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Naadam festival and other festivals in Mongolia

Updated: Nov 19, 2023

Naadam festival is Mongolia 's biggest festival and is held on 11 and 12 July. It is made up of the three manly sports — wrestling, horse racing, and archery. Naadam literally means "game" and thus the Naadam is often referred to as the National Holiday Naadam in order to distinguish it from local Naadams, which can have from one hundred to one thousand participants. The term Naadam will always refer to the National Holiday Naadam unless otherwise specified in this discussion.

Naadam festival
Naadam festival

What is Naadam festival?

Naadam 's origins date back to the seventeenth century, when at the completion of summer religious ceremonies the eriin gurwan naadam, or "three manly games," was held. In 1697 the first was held in honor of Jebtsundamba Khutukhtu. It has since developed into a major event in Mongolia.

The games originally had no fixed date, but in 1912, after Mongolia gained independence from the Qing Empire, the games were moved to the last summer lunar month (July – August).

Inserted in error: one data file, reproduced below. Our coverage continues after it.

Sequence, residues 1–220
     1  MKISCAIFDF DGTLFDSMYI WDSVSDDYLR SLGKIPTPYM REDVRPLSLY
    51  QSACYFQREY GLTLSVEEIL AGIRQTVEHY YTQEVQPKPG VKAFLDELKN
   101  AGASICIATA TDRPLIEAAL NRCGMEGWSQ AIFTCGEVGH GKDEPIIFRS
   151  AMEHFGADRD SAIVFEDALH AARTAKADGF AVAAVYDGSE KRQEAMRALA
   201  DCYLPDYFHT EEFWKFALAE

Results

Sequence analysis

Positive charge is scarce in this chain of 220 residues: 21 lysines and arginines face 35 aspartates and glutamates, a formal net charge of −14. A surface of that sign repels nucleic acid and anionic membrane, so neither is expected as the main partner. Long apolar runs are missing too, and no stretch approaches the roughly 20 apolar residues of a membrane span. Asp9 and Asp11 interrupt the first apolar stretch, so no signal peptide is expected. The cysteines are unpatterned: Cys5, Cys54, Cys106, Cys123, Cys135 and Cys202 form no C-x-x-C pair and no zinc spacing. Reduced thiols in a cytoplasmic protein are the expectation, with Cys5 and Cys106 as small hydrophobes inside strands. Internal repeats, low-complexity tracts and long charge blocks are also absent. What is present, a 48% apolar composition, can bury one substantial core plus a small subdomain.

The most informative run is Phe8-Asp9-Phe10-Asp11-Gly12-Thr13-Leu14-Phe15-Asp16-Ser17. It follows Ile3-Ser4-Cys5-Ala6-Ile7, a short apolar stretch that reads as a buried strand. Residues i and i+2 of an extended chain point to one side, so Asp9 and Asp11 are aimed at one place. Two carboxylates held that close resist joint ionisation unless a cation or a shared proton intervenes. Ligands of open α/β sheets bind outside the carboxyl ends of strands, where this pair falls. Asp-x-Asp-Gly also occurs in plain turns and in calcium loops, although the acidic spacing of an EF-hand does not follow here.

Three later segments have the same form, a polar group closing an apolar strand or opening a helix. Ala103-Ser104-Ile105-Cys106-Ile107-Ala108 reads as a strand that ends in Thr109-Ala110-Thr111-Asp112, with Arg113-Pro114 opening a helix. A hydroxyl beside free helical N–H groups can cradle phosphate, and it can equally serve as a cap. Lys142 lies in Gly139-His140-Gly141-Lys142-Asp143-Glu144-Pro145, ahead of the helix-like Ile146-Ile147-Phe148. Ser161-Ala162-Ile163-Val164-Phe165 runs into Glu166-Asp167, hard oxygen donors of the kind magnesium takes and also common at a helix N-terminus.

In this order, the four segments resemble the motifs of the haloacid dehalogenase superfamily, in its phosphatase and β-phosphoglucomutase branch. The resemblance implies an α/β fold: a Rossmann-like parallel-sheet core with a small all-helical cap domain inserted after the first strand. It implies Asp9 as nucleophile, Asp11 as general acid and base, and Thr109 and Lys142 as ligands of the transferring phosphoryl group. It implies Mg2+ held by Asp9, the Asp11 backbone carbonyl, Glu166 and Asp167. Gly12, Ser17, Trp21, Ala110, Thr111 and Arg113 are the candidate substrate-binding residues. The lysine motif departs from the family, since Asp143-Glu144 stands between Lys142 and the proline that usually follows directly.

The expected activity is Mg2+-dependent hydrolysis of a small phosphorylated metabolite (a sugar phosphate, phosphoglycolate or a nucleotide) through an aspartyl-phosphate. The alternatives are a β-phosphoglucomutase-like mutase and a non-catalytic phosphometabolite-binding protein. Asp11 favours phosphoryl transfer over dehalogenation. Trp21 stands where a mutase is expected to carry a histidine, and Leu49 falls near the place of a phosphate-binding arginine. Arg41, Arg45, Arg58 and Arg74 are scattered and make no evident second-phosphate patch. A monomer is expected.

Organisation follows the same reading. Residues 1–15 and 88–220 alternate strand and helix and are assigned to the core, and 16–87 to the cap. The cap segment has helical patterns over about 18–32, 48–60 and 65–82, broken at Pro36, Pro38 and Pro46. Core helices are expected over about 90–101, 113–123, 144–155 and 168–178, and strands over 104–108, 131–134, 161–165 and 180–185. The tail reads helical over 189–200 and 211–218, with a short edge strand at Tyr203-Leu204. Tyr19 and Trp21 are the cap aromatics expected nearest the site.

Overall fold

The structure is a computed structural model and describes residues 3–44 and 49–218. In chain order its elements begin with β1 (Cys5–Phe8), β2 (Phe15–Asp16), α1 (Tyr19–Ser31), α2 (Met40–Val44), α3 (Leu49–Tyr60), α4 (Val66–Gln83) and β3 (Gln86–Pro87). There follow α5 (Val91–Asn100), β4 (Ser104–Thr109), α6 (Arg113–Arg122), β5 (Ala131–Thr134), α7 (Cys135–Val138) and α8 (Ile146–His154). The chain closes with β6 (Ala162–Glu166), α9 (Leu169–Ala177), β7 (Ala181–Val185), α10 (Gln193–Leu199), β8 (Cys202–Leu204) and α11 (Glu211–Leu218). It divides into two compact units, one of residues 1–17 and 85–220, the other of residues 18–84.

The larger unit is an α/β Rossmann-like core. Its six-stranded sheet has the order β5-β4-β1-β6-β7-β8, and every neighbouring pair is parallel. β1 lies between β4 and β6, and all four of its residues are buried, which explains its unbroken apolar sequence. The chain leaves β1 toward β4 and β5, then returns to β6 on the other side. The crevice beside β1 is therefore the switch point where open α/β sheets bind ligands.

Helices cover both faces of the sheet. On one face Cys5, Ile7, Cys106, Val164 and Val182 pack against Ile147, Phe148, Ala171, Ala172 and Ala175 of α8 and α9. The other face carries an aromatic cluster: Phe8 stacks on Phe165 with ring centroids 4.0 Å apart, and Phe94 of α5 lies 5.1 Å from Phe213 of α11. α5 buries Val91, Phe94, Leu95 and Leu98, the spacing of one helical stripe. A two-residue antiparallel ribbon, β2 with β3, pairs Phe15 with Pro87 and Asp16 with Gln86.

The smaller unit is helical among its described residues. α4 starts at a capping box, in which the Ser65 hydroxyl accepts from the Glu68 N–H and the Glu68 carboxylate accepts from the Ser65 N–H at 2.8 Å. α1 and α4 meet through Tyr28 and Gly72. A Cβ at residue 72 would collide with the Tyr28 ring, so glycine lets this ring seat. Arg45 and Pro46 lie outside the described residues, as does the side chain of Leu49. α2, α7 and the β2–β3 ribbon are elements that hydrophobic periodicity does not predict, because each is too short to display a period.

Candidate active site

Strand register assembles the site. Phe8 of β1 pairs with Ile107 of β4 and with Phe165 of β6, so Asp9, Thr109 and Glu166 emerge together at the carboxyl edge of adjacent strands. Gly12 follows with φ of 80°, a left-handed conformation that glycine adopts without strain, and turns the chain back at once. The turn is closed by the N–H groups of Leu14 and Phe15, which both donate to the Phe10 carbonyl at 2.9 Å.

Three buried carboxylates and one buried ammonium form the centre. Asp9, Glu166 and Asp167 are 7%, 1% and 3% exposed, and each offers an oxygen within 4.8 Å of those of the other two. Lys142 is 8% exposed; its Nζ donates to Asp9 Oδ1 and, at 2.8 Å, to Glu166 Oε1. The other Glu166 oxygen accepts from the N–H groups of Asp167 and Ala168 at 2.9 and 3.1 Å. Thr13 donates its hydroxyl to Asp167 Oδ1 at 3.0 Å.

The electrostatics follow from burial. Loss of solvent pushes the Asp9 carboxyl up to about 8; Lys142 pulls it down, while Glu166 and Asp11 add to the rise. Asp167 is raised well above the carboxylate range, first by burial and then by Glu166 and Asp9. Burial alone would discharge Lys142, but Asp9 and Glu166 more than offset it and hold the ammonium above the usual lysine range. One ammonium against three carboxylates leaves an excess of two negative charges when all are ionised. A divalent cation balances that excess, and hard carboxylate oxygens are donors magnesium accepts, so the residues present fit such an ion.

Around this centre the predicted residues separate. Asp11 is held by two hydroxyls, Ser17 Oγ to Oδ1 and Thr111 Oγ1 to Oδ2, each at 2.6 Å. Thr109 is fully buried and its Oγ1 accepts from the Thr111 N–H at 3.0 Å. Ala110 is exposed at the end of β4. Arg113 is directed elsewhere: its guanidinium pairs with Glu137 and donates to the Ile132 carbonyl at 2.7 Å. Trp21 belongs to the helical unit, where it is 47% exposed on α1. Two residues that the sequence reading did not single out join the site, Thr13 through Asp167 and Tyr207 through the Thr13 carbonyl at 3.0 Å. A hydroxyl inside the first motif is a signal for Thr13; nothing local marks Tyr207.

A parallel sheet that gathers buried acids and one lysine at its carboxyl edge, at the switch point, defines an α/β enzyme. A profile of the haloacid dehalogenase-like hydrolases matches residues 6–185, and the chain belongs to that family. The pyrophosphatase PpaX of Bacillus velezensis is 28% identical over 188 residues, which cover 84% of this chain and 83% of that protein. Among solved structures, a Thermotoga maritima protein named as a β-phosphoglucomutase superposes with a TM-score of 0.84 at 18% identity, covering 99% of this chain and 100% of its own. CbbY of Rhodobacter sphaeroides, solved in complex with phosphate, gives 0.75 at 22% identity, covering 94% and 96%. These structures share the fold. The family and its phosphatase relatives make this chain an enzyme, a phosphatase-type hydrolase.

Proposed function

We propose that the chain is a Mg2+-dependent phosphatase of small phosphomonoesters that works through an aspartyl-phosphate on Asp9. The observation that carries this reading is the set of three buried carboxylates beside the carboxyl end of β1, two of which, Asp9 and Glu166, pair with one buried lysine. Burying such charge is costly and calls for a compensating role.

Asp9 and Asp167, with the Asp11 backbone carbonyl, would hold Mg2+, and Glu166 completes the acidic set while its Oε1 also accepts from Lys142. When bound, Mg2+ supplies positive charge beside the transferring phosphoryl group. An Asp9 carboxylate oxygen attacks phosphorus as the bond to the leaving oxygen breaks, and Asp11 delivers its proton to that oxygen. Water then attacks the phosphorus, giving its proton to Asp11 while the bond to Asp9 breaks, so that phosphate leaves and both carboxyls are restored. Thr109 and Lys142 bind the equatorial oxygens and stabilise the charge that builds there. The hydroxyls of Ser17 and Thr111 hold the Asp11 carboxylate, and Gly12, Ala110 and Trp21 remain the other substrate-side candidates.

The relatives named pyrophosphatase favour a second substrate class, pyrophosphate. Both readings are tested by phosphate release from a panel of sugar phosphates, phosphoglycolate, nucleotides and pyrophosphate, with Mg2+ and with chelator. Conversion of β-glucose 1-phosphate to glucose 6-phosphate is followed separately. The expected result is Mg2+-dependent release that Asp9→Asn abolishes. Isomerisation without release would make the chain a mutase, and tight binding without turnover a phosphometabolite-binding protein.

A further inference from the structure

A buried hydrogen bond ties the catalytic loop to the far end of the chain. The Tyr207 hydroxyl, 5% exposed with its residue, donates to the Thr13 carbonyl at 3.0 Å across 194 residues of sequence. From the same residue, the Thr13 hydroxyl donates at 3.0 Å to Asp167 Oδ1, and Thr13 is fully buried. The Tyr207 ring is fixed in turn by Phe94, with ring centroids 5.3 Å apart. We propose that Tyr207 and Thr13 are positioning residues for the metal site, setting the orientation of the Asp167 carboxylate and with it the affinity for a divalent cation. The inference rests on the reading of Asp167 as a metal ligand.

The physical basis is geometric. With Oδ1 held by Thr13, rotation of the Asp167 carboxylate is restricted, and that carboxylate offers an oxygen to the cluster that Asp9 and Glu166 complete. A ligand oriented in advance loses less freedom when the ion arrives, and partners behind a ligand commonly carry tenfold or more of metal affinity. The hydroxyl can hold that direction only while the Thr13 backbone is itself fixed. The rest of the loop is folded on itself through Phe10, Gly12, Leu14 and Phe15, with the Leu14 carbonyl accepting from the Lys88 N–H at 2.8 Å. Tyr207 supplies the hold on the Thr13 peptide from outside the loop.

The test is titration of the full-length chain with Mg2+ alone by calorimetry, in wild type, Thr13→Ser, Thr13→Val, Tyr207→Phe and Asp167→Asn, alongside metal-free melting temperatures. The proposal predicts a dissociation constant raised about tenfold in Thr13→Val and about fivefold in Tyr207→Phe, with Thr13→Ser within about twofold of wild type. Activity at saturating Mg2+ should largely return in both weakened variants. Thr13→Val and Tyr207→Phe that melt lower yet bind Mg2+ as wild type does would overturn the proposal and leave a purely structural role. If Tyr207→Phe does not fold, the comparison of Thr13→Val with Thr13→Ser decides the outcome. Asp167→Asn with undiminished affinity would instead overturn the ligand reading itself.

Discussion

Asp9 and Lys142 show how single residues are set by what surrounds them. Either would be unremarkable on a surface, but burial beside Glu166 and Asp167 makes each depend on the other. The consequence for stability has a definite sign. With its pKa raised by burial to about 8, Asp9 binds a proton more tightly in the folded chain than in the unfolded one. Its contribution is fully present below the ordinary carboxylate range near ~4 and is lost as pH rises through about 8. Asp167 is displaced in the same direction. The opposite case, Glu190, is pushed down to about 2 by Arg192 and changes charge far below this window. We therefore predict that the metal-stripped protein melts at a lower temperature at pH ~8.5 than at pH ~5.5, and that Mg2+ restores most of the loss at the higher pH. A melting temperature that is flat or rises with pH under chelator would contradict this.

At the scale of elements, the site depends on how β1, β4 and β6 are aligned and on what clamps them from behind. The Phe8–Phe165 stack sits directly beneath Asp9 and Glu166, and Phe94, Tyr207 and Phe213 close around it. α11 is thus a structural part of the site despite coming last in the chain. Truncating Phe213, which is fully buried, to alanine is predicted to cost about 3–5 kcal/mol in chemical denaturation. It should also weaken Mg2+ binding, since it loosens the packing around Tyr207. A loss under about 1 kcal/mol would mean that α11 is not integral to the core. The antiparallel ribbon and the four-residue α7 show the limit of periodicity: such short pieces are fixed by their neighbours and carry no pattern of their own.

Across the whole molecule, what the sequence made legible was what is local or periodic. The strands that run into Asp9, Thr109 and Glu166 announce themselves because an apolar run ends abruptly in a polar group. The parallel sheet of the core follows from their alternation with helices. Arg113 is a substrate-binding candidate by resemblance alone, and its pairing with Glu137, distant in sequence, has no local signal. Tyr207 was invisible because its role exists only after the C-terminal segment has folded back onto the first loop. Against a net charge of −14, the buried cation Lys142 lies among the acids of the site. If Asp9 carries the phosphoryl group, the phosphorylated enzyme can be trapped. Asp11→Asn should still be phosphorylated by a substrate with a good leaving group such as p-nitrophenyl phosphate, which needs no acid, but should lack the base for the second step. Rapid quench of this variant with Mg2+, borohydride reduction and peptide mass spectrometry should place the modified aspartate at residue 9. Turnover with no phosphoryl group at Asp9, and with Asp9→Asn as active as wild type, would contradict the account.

The games also came to symbolize an honour not only for the Khutukhtu Jebtsundamba, but also for the state. The theme of the games changed once more after the Revolution of 1921. The Communists filtered out much of the religious content and ended up abandoning it all in 1923. However, Naadams related to religious celebration continued until the purge of religion in the 1930s by the government.


Origin of Naadam Festival

In 1922, Sukhebaatar began a Newnham, the army games played on July 11 to celebrate the anniversary of the victory of the revolt. This date also marked the separation of secular and religious calendars, as the revolution 's military games and anniversary were now linked to a Western calendar rather than the religious lunar calendar. By 1924, the 11th of July became an official national holiday, and the army games became the Naadam national holiday.

Sukhbaatar square
Sukhbaatar square

Before World War II, most of the games were held outside of Ulaanbaatar and other cities in the countryside. After the war the construction boom pushed the football, for the most part, into stadiums. At the ceremonies, and often during the games themselves, athletes still wore the traditional dress. The games were also used during the Communist period not only to commemorate the revolution but also to honor great leaders.